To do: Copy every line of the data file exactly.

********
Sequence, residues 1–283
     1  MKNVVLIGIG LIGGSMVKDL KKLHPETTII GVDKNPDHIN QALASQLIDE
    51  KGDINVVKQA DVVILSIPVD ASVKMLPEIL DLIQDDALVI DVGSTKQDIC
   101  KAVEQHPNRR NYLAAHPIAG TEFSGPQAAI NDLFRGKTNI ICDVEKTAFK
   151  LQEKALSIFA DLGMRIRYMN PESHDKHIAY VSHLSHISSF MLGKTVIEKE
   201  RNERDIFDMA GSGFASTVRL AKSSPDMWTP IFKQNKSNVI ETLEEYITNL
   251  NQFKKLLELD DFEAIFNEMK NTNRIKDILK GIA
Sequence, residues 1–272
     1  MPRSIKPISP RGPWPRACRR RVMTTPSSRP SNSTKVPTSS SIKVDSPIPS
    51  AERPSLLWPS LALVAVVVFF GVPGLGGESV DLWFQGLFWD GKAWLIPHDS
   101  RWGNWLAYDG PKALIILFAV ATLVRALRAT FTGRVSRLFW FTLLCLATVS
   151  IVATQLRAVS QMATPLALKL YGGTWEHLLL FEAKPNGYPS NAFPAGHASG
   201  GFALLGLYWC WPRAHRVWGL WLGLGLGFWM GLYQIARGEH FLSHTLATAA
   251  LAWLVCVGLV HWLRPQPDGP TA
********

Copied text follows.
Sequence, residues 1–283
     1  MKNVVLIGIG LIGGSMVKDL KKLHPETTII GVDKNPDHIN QALASQLIDE
    51  KGDINVVKQA DVVILSIPVD ASVKMLPEIL DLIQDDALVI DVGSTKQDIC
   101  KAVEQHPNRR NYLAAHPIAG TEFSGPQAAI NDLFRGKTNI ICDVEKTAFK
   151  LQEKALSIFA DLGMRIRYMN PESHDKHIAY VSHLSHISSF MLGKTVIEKE
   201  RNERDIFDMA GSGFASTVRL AKSSPDMWTP IFKQNKSNVI ETLEEYITNL
   251  NQFKKLLELD DFEAIFNEMK NTNRIKDILK GIA
Sequence, residues 1–272
     1  MPRSIKPISP RGPWPRACRR RVMTTPSSRP SNSTKVPTSS SIKVDSPIPS
    51  AERPSLLWPS LALVAVVVFF GVPGLGGESV DLWFQGLFWD GKAWLIPHDS
   101  RWGNWLAYDG PKALIILFAV ATLVRALRAT FTGRVSRLFW FTLLCLATVS
   151  IVATQLRAVS QMATPLALKL YGGTWEHLLL FEAKPNGYPS NAFPAGHASG
   201  GFALLGLYWC WPRAHRVWGL WLGLGLGFWM GLYQIARGEH FLSHTLATAA
   251  LAWLVCVGLV HWLRPQPDGP TA